Unshackling the toothless ACC

15 November 2019 | Opinion

Much has been said about the Anti-Corruption Commission (ACC) over the years. Many have called it toothless.

Revelations this week that it has been sitting on information implicating Namibian politicians and officials in allegedly receiving bribes worth N$150 million from an Icelandic fishing company left a bitter taste in the mouth.

Although the anti-graft body says it received such information incrementally, this leads to many questions.

Central to this is when exactly President Hage Geingob was briefed on the unfolding scandal, which has so far sunk two of his cabinet members.

Fisheries minister Bernhardt Esau and justice minister Sacky Shanghala resigned on Wednesday, and if sources are to be believed, more heads, perhaps higher up the food chain, may be on the chopping block.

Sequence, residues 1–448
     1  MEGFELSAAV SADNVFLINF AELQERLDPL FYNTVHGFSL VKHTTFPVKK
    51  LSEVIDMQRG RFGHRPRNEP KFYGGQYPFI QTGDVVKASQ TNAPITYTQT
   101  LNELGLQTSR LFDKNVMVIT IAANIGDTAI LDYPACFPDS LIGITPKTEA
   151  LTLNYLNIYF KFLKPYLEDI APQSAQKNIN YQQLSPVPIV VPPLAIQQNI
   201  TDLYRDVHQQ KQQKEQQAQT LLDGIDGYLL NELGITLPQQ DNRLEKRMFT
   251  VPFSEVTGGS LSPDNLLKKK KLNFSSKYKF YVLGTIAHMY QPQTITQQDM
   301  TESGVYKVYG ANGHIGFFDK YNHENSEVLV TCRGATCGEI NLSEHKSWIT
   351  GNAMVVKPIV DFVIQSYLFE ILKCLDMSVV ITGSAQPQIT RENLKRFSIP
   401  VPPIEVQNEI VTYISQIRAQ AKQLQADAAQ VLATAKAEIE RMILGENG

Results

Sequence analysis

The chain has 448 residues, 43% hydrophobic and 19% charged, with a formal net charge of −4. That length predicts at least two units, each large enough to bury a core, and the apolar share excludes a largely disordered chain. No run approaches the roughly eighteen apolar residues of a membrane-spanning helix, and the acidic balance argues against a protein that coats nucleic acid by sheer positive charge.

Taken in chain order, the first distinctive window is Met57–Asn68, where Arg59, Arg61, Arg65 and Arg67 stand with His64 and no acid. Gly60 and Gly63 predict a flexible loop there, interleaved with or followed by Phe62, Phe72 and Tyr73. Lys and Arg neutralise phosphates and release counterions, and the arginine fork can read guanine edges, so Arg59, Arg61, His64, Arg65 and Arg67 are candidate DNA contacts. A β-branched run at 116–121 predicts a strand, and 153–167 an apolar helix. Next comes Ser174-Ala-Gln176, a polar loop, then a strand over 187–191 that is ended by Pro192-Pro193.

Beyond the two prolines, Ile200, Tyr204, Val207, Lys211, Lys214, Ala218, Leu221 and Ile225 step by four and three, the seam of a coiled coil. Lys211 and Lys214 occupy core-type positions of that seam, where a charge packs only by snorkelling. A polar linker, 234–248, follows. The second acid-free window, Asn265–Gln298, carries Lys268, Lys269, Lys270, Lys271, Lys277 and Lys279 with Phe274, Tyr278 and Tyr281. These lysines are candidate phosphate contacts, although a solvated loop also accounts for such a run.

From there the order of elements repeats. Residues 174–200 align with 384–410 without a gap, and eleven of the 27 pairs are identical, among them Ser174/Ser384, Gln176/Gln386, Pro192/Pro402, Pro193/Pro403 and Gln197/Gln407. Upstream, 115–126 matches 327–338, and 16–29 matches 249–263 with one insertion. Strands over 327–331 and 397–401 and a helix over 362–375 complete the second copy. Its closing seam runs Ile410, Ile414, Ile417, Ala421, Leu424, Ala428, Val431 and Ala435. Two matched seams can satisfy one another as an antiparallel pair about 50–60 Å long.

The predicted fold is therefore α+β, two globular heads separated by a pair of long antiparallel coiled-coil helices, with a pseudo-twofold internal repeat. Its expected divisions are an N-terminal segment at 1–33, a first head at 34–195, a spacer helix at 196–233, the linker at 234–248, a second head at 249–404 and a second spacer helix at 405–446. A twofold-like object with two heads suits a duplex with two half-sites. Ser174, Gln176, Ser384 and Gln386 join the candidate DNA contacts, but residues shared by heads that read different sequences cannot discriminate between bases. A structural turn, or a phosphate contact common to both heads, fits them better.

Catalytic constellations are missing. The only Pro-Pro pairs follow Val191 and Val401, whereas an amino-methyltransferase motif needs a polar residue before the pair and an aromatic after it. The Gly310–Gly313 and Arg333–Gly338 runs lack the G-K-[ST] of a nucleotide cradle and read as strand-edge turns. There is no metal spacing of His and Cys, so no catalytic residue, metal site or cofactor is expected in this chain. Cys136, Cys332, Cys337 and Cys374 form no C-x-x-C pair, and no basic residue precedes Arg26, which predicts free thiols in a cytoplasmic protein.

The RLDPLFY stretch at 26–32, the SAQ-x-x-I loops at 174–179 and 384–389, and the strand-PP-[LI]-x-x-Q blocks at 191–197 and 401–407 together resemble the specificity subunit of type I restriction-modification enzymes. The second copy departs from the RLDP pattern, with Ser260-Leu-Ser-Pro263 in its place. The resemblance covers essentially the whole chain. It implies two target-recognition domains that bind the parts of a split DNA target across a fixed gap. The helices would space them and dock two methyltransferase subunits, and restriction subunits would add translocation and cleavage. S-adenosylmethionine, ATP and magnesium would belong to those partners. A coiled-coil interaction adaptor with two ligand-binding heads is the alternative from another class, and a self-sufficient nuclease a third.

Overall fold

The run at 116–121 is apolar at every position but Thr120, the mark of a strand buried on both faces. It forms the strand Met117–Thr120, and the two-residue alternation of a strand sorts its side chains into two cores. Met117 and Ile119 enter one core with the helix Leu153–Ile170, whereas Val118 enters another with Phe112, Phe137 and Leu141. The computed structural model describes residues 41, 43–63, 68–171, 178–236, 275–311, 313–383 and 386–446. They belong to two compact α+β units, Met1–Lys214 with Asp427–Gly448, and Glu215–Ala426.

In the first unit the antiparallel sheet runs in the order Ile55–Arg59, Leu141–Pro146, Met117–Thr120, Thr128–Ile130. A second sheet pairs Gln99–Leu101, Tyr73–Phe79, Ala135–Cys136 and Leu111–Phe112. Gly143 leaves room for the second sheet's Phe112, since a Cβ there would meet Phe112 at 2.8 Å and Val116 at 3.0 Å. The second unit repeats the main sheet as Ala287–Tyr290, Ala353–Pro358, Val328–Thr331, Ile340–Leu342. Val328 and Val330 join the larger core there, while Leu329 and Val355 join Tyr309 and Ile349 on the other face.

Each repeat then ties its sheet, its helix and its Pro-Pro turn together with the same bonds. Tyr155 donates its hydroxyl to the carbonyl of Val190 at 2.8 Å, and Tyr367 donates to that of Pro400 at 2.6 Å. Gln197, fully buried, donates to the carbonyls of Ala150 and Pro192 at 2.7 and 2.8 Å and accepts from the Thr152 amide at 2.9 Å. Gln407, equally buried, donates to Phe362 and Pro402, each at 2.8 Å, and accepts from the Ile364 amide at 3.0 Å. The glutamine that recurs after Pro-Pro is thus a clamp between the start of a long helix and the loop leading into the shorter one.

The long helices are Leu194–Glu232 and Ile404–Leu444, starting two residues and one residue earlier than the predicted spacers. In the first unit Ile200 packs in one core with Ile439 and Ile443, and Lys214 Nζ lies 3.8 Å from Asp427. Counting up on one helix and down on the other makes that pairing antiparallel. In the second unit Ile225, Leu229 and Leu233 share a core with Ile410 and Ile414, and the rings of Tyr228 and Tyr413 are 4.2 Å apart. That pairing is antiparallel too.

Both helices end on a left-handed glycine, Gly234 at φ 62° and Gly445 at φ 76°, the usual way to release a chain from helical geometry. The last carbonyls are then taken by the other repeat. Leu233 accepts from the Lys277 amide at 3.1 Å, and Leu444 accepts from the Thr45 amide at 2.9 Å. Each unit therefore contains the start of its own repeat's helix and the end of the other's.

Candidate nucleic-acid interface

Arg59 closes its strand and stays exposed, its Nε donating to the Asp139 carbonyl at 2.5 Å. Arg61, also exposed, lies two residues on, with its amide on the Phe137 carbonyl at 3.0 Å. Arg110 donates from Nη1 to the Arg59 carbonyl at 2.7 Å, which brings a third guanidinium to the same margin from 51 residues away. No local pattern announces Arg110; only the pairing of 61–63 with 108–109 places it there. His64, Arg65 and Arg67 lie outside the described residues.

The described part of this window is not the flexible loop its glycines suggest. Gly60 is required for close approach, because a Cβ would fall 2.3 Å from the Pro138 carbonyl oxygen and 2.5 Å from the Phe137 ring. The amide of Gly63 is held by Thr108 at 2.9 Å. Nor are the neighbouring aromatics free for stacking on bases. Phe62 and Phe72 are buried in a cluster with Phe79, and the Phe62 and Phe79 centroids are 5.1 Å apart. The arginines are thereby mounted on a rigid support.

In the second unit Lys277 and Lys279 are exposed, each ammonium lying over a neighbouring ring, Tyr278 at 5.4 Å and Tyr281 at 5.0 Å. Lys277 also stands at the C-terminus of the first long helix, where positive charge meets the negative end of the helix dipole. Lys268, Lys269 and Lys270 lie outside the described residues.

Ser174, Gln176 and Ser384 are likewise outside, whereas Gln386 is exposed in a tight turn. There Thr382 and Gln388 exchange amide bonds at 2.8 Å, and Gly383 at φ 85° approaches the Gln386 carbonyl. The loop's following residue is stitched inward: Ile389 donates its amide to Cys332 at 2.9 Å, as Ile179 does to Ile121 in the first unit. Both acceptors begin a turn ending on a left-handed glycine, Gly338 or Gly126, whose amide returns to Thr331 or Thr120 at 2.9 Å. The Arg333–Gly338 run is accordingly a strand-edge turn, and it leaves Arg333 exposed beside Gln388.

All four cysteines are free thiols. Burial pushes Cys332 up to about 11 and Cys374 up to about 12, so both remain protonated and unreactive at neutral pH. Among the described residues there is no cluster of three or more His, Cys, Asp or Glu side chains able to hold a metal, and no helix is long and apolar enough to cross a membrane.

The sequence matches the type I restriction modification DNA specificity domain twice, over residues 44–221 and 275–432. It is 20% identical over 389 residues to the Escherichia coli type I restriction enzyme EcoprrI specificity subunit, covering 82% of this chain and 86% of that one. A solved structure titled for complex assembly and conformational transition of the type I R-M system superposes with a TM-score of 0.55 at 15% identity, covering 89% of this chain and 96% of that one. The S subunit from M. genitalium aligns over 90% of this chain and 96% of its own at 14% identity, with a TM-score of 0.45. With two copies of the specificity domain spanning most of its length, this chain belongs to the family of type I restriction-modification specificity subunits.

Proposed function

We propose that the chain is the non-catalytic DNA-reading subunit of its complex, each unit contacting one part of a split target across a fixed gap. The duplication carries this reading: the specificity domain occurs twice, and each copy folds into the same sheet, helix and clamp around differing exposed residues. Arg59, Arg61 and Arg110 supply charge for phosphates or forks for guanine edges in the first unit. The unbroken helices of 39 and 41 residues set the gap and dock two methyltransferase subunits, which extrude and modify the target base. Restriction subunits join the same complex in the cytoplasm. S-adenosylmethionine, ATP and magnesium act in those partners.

This fishing-quotas-for-bribes saga goes to the heart of breaking trust with ordinary Namibians and comes at a time when we are about to head to the polls to elect a new government.

But back to the ACC.

There are two key issues. One is that the ACC director-general is appointed by the head of state, who is also the ruling party president - a situation that leaves a lot to be desired.

How can such a DG act without fear or favour when he may be scared to bite the hand that feeds him, so to speak?

Secondly, where there is a perception that certain investigations may compromise the ruling party or the president, whose interests are likely to be served?

The perception here is very clear, and the track record of the ACC in terms of massive fraud and other cases speaks for itself.

The solution is quite simple.

Let us unshackle the ACC DG from the president as the appointing authority. Such an appointment must be seen to be neutral and based on the fundamentals of merit and complete objectivity.

The same applies to the prosecutor-general post and ECN commissioners.

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